There's nothing new about politicians using entertainment outlets to promote their presidential aspirations. In 1960, both John F. Kennedy and Richard Nixon appeared on Jack Parr's Tonight Show. Nixon even played the piano. Yet it was Bill Clinton with his saxophone playing 1992 appearance on the Arsenio Hall Show and his disclosure the same year on MTV that he prefers briefs over boxers, who made entertainment venues the norm for presidential candidates. In 2000, on Oprah, George W. Bush planted a big kiss on the famous host, charming millions of viewers.

Candidates go on these shows to reach audiences who otherwise ignore the campaigns and the news. If as in the case of Bill Clinton or George W. Bush the candidate is also personable and likeable, audiences come way with favorable impressions. In fact, given little or no other competing information about the candidate via news coverage, for these "low information" citizens the personal narratives and likeability quotient displayed on entertainment shows might become the defining criteria in choosing a president.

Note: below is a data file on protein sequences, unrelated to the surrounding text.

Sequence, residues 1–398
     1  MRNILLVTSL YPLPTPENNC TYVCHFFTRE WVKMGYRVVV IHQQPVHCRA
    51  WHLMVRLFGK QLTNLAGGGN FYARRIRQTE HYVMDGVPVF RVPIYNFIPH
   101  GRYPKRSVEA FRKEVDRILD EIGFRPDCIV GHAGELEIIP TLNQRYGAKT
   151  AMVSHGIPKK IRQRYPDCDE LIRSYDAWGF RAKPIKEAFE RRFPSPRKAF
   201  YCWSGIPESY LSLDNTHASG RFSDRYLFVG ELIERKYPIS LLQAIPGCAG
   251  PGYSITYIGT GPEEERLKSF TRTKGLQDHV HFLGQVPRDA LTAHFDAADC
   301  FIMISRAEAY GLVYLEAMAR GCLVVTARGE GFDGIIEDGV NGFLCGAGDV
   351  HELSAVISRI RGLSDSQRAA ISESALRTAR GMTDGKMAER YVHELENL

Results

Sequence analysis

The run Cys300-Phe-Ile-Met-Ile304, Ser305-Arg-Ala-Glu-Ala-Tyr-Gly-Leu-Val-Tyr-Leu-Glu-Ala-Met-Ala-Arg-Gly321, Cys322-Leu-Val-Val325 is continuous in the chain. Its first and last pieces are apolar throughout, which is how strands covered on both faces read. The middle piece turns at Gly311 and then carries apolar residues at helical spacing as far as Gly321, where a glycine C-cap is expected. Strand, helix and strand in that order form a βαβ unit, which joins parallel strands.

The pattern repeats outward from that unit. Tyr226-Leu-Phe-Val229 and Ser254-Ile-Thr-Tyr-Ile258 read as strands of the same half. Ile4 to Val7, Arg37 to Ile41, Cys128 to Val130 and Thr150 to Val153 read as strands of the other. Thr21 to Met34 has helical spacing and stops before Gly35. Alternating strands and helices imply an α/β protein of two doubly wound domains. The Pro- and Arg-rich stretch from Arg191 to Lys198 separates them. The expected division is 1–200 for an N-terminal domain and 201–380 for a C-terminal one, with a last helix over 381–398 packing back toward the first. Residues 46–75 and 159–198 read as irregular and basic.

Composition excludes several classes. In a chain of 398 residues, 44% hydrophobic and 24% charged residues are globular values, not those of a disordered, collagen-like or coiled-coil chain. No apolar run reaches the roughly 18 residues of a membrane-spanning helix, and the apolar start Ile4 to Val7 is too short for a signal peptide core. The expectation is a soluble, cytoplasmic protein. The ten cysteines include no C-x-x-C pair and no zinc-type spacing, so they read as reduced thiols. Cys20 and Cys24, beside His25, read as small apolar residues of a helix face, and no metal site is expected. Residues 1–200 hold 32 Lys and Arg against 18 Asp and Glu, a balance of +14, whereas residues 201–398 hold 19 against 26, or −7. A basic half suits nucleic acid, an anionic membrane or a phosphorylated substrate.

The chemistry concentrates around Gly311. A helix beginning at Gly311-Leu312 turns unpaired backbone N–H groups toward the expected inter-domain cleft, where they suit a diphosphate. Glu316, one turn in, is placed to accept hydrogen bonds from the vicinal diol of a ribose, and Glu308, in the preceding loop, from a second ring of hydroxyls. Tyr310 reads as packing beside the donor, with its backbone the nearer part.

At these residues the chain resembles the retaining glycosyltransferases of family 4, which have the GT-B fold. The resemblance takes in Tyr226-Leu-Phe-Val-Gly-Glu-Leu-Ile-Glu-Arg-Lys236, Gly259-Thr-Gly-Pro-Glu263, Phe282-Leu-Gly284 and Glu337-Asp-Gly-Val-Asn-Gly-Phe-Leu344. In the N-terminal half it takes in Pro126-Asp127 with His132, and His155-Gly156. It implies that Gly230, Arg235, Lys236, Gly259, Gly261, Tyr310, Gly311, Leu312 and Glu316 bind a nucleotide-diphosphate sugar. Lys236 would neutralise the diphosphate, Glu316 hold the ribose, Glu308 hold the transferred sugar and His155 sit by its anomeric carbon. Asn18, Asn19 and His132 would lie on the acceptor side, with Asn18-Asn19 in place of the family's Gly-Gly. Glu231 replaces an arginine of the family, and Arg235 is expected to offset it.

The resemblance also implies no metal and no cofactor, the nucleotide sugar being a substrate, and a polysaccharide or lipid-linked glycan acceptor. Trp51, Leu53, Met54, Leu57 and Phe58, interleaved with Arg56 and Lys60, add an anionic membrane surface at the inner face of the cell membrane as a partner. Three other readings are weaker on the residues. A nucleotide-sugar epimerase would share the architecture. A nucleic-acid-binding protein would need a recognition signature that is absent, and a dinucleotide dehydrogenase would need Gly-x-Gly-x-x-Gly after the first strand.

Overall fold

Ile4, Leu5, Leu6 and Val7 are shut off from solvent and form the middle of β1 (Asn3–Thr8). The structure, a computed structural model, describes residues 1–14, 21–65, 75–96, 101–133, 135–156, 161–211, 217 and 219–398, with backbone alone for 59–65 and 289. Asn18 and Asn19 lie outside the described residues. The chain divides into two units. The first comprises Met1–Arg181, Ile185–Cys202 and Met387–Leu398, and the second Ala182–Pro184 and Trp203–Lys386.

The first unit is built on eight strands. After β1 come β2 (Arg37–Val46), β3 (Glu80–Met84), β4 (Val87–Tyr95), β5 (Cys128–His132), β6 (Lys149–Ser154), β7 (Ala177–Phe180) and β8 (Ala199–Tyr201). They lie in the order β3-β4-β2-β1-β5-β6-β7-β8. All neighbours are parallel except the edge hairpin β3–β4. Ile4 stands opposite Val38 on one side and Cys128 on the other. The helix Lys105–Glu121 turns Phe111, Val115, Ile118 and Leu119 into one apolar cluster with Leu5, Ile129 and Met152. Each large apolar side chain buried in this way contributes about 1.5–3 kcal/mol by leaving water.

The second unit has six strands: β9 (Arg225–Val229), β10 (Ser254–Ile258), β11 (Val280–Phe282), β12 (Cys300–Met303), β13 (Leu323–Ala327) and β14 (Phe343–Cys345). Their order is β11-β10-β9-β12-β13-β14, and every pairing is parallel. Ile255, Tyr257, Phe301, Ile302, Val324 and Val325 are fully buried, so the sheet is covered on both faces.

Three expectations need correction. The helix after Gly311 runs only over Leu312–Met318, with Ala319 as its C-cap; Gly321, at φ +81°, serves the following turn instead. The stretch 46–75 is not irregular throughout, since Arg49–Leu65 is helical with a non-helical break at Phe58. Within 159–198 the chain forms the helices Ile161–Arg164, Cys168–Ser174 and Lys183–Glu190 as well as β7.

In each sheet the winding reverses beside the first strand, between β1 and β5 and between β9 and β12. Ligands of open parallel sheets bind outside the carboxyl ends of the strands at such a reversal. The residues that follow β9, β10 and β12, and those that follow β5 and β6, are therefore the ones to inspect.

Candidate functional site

As Bush's campaign team figured out in 2004, W. was the type of guy who most people would prefer to have a beer with, while Kerry....well John was very easy to paint as "not one of us." In fact, Kerry was "too French, and too elitist."



And now Barak Obama is trying to trade on his likeability factor in entertainment appearances. This week he introduced the Chicago v. /St. Louis Monday Night Football game on ESPN, using a clever twist on a faux (for now at least) announcement that he is running for president.

The gimick appears to have paid dividends as a clip of his announcement is one of the top five most viewed videos on YouTube, with the appearance creating buzz across the blogosphere. It's another sign that an Obama candidacy would be a formidable one. Ask yourself, who would you rather have a beer with... Obama or Hillary?